Fed survey: Family income slipped 7.7 percent from 2007 to 2010

A Richmond, Calif., home. Legal wrangling and the "robo-signing" scandal, one expert said, has lengthened the foreclosure-processing timeline.
A Richmond, Calif., home. Legal wrangling and the "robo-signing" scandal, one expert said, has lengthened the foreclosure-processing timeline. (JUSTIN SULLIVAN / Getty Images)
Posted: June 13, 2012

WASHINGTON — A new survey of U.S. family finances released by the Federal Reserve on Monday documents in painful detail just how deeply the Great Recession and its aftermath has been felt in household budgets across America.

The Survey of Consumer Finances, conducted every three years and covering a span from 2007 to 2010, documents steep declines in family income that correspond to what many Americans already know about their own declining net worth.

It also shows how the South and West have felt more pain than the rest of the country because of the severity of the housing sector's downturn there, and provides evidence that the self-employed and business owners have taken it on the chin in recent years.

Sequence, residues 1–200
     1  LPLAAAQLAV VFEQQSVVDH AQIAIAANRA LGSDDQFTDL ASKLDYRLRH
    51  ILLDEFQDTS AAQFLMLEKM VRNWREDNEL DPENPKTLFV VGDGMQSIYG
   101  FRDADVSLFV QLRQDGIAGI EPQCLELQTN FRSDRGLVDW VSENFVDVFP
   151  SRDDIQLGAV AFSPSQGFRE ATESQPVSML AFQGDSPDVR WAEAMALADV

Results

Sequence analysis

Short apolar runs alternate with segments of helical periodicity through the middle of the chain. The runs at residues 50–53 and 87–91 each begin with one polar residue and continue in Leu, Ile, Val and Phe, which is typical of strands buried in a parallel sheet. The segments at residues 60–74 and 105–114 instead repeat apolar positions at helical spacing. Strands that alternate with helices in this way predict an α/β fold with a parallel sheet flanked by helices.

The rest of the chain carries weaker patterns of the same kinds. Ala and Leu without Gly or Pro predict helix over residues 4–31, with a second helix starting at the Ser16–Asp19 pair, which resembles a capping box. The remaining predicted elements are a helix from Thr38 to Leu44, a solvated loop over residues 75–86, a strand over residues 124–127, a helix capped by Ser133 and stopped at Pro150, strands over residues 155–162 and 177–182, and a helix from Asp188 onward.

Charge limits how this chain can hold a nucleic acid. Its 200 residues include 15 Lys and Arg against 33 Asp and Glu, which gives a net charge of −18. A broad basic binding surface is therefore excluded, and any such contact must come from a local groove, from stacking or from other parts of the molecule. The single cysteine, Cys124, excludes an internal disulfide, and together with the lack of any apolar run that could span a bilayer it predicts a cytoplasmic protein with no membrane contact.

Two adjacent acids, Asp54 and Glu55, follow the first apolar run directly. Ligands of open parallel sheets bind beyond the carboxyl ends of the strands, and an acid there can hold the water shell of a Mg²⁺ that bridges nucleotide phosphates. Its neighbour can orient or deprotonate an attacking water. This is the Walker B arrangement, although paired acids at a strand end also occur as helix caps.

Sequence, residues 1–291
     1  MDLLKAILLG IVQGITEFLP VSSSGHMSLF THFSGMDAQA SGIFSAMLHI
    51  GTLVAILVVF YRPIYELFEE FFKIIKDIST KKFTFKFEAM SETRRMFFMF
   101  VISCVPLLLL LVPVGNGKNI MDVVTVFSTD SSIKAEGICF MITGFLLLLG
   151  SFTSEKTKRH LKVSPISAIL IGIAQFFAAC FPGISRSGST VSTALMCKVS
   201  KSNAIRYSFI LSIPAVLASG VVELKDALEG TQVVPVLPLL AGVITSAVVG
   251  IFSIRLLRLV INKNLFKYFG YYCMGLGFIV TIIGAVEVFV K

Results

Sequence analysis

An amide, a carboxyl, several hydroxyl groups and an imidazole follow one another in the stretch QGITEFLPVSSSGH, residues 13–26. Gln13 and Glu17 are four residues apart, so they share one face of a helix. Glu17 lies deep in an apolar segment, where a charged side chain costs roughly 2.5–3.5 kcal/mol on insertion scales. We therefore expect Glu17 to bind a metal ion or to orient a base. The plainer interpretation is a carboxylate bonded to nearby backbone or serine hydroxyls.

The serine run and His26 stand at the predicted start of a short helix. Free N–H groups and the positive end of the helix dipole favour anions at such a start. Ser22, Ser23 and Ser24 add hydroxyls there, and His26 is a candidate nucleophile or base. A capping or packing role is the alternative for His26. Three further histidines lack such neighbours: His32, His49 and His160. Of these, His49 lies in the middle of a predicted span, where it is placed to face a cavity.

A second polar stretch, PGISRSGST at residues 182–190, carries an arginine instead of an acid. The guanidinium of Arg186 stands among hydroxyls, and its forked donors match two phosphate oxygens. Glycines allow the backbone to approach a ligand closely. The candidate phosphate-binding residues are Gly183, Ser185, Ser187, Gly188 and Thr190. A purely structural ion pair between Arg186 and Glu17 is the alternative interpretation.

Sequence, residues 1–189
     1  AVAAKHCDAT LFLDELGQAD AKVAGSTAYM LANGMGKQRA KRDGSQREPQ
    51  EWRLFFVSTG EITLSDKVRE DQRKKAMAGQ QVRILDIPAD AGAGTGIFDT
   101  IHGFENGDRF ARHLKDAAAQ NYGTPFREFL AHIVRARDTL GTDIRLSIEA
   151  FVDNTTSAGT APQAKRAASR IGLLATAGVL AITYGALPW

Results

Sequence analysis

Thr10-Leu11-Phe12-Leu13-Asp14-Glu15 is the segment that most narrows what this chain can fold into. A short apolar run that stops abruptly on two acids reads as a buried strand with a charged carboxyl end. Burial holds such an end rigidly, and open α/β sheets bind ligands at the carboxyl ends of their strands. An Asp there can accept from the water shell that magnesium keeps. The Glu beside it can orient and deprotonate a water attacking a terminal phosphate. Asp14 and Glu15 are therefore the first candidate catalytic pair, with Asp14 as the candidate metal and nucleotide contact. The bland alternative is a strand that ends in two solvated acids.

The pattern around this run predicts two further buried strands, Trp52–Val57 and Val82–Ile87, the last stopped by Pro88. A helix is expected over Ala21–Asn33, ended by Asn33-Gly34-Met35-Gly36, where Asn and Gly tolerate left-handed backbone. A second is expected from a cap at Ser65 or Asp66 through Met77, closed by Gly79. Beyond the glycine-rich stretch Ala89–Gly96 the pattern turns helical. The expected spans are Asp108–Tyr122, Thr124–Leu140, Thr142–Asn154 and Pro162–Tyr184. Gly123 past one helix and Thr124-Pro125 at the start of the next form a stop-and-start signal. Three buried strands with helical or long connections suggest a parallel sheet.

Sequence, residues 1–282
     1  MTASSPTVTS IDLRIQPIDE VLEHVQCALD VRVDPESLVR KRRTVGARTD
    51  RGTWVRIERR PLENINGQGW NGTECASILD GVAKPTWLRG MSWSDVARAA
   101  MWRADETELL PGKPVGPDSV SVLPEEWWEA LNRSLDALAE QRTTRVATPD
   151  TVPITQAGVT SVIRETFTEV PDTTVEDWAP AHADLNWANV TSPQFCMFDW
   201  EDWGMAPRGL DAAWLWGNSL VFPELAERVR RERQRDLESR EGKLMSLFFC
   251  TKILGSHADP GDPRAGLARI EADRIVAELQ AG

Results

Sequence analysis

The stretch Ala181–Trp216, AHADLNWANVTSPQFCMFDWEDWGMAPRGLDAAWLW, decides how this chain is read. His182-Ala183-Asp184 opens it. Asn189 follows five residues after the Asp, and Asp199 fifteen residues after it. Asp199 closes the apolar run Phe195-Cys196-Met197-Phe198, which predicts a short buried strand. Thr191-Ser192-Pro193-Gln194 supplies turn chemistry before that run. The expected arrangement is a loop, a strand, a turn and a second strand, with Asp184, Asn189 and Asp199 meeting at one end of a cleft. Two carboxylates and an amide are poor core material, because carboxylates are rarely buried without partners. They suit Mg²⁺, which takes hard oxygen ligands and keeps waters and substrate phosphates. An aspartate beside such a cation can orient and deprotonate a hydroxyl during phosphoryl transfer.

The Fed survey found that the median value of family income, when adjusted for inflation and before taxes, fell by 7.7 percent — from $49,600 in 2007 to $45,800 in 2010. The median is the midpoint of all family income.

"The decline in median income was widespread across demographic groups, with only a few groups experiencing stable or rising incomes," the Fed survey said. "Most noticeably, median incomes moved higher for retirees and other nonworking families. The decline in median income was most pronounced among more highly educated families … and families living in the South and West regions."

The Fed found that median net worth fell 38.9 percent — from $126,400 in 2007 to $77,300 in 2010. That essentially took net worth back to levels recorded in 1992, and reflects the steep erosion of housing wealth. Middle-class Americans have a greater proportion of net worth tied up in their homes than do the rich.

The decline of incomes follows a period from 2000 to 2007 in which incomes stayed flat from the end of the dot-com recession throughout recovery and until the December 2007 start of the Great Recession. It marked the first time since the end of World War II that workers made almost no progress on wages throughout an entire business cycle, said Larry Mishel, president of the liberal think tank Economic Policy Institute.

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